According to one story Saba was crying out in personal prayer and then found this note, delivered from heaven.  According to another story his roommate heard the always happy Saba crying and wrote the note to cheer him up.

Saba took the note to show the leading Breslev rabbaim, who blew him off.  So he took this sign from heaven to understand it was up to him to lead everyone to be happy all the time to bring Klal Yisroel to where we should be.  Oh, and since the rabbaim wouldn’t except it, clearly they were discredited as rabbaim.  Being surprisingly charismatic, Saba developed a following for his version of Breslev philosophy and his new message from Rebbe Nachman and developed a movement.  The Na Nachers and the Oddesser foundation exist to this day.

So today we find Breslev broken into 3 primary categories:

#1 “Black Hat Breslev”.  Black Hat Breslev are Breslev chassidim that study Torah and Gemora heavily and appear as any other chassidim you might find in Meah Shearim or Monsey, NY.  Their only distinction is also learning Likkutei Mohoran from Rebbe Nachman and some occasional personal prayer (hitbodedut) as taught by Rebbe Nachman.  And of course they travel to Uman for Rosh Hashana if they can.  Many of these Breslevers have been such for generations of their families.  In other words, perfectly normal chassidic Jews in every way by everyone’s standards.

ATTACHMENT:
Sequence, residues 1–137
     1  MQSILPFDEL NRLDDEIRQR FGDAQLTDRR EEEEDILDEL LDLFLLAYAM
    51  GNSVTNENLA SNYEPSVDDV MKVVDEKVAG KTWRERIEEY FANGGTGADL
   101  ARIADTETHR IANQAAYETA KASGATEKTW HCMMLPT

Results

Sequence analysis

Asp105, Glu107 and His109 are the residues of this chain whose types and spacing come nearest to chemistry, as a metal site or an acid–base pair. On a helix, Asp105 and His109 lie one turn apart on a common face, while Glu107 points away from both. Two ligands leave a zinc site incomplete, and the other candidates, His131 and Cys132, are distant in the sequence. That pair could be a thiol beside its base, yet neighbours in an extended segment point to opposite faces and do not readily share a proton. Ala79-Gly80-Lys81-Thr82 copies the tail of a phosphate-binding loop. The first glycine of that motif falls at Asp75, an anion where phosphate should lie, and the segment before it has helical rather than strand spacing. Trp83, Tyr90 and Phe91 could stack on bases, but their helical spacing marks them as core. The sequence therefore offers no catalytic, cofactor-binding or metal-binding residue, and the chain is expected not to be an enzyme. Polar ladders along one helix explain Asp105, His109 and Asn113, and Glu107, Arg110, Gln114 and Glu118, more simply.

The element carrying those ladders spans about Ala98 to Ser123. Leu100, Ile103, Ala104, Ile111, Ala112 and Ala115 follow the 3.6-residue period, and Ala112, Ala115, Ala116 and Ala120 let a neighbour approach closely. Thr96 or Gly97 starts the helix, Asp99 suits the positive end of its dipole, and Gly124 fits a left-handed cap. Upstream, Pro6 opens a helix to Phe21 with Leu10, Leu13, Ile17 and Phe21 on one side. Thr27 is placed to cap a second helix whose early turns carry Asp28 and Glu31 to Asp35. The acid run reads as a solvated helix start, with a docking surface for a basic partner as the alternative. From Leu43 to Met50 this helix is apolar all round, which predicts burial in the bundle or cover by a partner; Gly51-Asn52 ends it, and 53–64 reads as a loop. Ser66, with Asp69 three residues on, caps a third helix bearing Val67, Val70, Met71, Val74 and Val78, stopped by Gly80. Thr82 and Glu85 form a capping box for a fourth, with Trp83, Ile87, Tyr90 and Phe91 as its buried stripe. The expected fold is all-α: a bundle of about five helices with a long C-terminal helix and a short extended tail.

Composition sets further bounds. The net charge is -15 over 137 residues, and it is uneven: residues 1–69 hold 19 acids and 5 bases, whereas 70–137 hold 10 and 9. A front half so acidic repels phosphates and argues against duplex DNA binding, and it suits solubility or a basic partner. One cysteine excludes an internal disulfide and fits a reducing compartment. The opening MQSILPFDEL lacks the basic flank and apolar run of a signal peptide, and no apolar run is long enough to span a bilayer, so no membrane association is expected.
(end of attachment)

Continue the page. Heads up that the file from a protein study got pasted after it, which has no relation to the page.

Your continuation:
#2 “The Great Breslev Leaders”.  Every generation of Breslev has students that become chassidim that become great leaders and tzadikim.  Not hereditary Rebbe’s or rabbi’s, but those who excel and reach the levels that everyone acknowledges are the goals of Torah, chassidus and the teachings of Rebbe Nachman.  In our generation these leaders are Rabbi Kenig, shlita of Tzfas, Rabbi Berland, shlita of Shuvu Bonim, and Rabbi Arush, shlita, of Chut Shel Chesed and the author of the Garden of Emunah series.  Many of their followers are from other chasdduses, non-chassidic Jews, and many previously non-religious Jews.  They are dynamic and bringing Torah and their Rebbe’s message to the current generation.  [ There are other such leaders as well, but they have smaller followings, perhaps are younger, and will be the big leaders of the next generation. ]

#3 “The Na Nachers”.  The Na Nachers are not part of the normative Breslev community.  They are broken down into 2 sub-types:

A – The serious ones and the Foundation.  These are Na Nachers that are deadly serious about their philosophy and getting their message out.  They raise serious money to publish select works of Rebbe Nachman and Saba at cost and publish Na Nach materials, billboards, and so forth.  They have a leadership structure and an organization, but not rabbinical leadership.  They firmly believe the rabbis of today have lost their way and are no longer legitimate and that only by accepting the path charted by Saba are we going to make it.  Be happy and say Na Nach, dammit!